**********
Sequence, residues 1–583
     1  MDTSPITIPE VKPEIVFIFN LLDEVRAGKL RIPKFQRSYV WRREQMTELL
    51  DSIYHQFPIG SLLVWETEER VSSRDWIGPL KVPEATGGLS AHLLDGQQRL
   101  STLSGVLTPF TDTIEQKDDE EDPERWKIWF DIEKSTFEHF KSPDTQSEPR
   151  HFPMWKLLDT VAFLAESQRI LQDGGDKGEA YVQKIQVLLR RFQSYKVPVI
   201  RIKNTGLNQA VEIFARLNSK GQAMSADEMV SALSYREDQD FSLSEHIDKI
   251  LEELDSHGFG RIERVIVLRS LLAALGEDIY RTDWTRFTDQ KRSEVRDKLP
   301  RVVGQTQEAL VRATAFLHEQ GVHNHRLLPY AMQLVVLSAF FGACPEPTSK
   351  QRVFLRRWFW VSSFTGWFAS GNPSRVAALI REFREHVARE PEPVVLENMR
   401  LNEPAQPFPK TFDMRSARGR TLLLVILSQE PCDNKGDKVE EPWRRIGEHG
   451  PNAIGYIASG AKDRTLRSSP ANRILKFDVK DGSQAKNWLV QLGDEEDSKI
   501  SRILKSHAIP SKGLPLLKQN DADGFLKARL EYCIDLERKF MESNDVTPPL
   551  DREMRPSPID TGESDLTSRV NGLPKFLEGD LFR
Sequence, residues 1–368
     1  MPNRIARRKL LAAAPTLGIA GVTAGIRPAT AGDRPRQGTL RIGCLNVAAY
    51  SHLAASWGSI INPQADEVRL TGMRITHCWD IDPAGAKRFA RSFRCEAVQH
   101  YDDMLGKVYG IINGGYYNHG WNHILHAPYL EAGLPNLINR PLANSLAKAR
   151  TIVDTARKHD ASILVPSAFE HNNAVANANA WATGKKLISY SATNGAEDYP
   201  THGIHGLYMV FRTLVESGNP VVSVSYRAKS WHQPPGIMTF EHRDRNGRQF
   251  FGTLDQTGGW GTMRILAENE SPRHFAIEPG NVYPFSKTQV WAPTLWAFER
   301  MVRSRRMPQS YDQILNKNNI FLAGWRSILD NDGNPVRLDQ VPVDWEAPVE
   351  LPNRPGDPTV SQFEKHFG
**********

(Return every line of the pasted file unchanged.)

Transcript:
Sequence, residues 1–583
     1  MDTSPITIPE VKPEIVFIFN LLDEVRAGKL RIPKFQRSYV WRREQMTELL
    51  DSIYHQFPIG SLLVWETEER VSSRDWIGPL KVPEATGGLS AHLLDGQQRL
   101  STLSGVLTPF TDTIEQKDDE EDPERWKIWF DIEKSTFEHF KSPDTQSEPR
   151  HFPMWKLLDT VAFLAESQRI LQDGGDKGEA YVQKIQVLLR RFQSYKVPVI
   201  RIKNTGLNQA VEIFARLNSK GQAMSADEMV SALSYREDQD FSLSEHIDKI
   251  LEELDSHGFG RIERVIVLRS LLAALGEDIY RTDWTRFTDQ KRSEVRDKLP
   301  RVVGQTQEAL VRATAFLHEQ GVHNHRLLPY AMQLVVLSAF FGACPEPTSK
   351  QRVFLRRWFW VSSFTGWFAS GNPSRVAALI REFREHVARE PEPVVLENMR
   401  LNEPAQPFPK TFDMRSARGR TLLLVILSQE PCDNKGDKVE EPWRRIGEHG
   451  PNAIGYIASG AKDRTLRSSP ANRILKFDVK DGSQAKNWLV QLGDEEDSKI
   501  SRILKSHAIP SKGLPLLKQN DADGFLKARL EYCIDLERKF MESNDVTPPL
   551  DREMRPSPID TGESDLTSRV NGLPKFLEGD LFR
Sequence, residues 1–368
     1  MPNRIARRKL LAAAPTLGIA GVTAGIRPAT AGDRPRQGTL RIGCLNVAAY
    51  SHLAASWGSI INPQADEVRL TGMRITHCWD IDPAGAKRFA RSFRCEAVQH
   101  YDDMLGKVYG IINGGYYNHG WNHILHAPYL EAGLPNLINR PLANSLAKAR
   151  TIVDTARKHD ASILVPSAFE HNNAVANANA WATGKKLISY SATNGAEDYP
   201  THGIHGLYMV FRTLVESGNP VVSVSYRAKS WHQPPGIMTF EHRDRNGRQF
   251  FGTLDQTGGW GTMRILAENE SPRHFAIEPG NVYPFSKTQV WAPTLWAFER
   301  MVRSRRMPQS YDQILNKNNI FLAGWRSILD NDGNPVRLDQ VPVDWEAPVE
   351  LPNRPGDPTV SQFEKHFG